A Faith & Poetry Memoir
This is a faith and poetry memoir, in which you are never allowed to forget, for a moment, the faith aspect. I don’t think there is a single page without a reference to God which, if you are not that way inclined, is frustrating, because, technically, Deane is a very good poet.
And I had hoped, one could almost say prayed, that, admiration aside for his skill as a writer, I would fine some solace, even empathy, after 229 pages of soul searching, in his evolution from young Achill Island priest in the making to the poet who, alongside Roger Bly, made Tomas Transtromer, accessible in English.
But, tethered thus by the ankle, Deane can’t leave his faith alone for a minute, which is a pity, because when he escapes into the realms of poetic explication, such as his epiphany encountering Transtromer and Denise Levertov, he is enlightening, and like a two year old with his brother’s toy. The tragic death of his first wife, from Lupus, a serious illness most of his readers would be unaware of and would therefore have an interest in, is brushed aside. Why?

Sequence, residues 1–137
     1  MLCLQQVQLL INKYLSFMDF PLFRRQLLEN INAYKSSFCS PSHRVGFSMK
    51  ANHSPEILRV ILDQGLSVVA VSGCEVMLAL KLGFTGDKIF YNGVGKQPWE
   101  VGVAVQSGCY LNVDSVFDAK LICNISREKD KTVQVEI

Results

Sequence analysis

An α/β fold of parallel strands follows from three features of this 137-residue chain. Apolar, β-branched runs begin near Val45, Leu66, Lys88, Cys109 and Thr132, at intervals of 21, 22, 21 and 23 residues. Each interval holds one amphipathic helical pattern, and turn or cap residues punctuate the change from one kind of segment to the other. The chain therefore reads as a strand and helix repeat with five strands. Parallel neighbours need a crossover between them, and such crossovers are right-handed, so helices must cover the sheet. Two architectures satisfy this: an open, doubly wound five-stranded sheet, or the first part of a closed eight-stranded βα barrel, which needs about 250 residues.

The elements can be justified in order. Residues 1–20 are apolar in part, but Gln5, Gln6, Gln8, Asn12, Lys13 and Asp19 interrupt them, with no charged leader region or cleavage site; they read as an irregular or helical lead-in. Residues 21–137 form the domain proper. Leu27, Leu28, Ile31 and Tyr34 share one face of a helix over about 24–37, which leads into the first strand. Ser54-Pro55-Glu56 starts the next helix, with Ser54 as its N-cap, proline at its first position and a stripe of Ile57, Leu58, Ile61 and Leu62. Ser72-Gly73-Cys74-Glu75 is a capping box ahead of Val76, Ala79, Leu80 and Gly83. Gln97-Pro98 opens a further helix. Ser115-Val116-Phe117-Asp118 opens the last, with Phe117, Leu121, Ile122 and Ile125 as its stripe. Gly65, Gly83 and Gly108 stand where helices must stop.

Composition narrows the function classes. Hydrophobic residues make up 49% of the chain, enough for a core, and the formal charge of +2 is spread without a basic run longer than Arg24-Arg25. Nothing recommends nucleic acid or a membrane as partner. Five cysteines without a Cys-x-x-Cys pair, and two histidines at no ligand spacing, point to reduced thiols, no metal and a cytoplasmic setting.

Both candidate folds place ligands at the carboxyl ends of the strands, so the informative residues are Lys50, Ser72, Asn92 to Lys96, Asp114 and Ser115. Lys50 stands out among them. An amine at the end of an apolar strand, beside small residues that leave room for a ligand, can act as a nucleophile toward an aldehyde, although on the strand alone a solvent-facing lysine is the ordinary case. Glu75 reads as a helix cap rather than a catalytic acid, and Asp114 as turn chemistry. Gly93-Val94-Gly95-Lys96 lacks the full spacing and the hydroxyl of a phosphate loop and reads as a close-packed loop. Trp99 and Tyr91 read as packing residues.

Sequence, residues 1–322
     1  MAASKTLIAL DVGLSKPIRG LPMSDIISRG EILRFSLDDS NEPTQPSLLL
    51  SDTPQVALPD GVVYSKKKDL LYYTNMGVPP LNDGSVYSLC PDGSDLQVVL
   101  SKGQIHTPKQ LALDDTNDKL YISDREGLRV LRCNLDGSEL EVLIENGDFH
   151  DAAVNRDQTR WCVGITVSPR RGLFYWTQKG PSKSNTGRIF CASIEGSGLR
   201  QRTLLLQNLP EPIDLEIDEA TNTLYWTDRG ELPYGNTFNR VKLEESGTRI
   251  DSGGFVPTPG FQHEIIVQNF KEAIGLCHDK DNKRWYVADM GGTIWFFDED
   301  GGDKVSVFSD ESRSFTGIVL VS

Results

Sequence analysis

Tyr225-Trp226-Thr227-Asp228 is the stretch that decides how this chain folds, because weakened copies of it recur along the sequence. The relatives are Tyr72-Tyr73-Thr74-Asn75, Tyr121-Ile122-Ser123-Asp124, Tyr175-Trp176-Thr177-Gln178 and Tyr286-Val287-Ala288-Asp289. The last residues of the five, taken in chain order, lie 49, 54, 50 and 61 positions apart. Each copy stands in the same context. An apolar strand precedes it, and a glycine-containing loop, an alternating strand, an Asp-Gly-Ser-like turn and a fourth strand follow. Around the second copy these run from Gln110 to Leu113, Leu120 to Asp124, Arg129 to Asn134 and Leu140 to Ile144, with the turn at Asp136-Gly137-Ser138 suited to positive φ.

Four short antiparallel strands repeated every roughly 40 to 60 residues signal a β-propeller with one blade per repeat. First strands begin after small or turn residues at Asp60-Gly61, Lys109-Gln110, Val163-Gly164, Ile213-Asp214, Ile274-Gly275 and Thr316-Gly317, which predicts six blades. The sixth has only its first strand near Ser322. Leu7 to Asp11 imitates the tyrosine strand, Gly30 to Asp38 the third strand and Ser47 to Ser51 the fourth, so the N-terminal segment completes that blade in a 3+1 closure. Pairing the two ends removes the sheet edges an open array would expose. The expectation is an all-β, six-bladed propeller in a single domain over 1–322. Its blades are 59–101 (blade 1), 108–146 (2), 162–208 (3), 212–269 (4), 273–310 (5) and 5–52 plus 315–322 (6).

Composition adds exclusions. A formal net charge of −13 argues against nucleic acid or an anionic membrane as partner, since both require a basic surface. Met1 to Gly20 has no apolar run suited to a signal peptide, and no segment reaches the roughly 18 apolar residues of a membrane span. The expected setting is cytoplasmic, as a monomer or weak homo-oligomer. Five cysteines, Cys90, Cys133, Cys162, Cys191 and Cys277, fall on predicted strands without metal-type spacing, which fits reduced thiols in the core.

But God, as we know, is omnipresent, to those who seek him, and so it proves, page after page, in this handsomely produced memoir. He writes, after twinning the necessity of hatching meaningful poetry ‘ for our time’ with coming closer to Jesus Christ, that he is irritated when ‘atheists are basically encouraged to announce their atheism with a certain panache…but a Christian writer draws some opprobrium.’
Therefore, emerging from a walk almost in a state of prayer in a Californian forest of tall redwoods, described as steeple tall and akin to a vast Gothic cathedral, is a golden moment, because he had dipped his fingers into a sacred font and was fortified by sacrament. It sounds beautiful, but the word seems alien to the poet. An owl is compared to Methuselah, whom I was educated by wikipedia, lived the longest in the Hebrew Bible. I won’t forget that in a hurry.
Deane admits that he was brought up in the Catholic Church to be impermeable to the things of the world and that his focus should be heaven, but by the time he revisits what Levertov refers to as the awareness of poetry to the mystery of being, I was way beyond the point of rescue. A pity really, but then, perhaps not. I tried to finish The Deer’s Cry, in which God is mentioned ten times and Christ sixteen, and failed abjectly.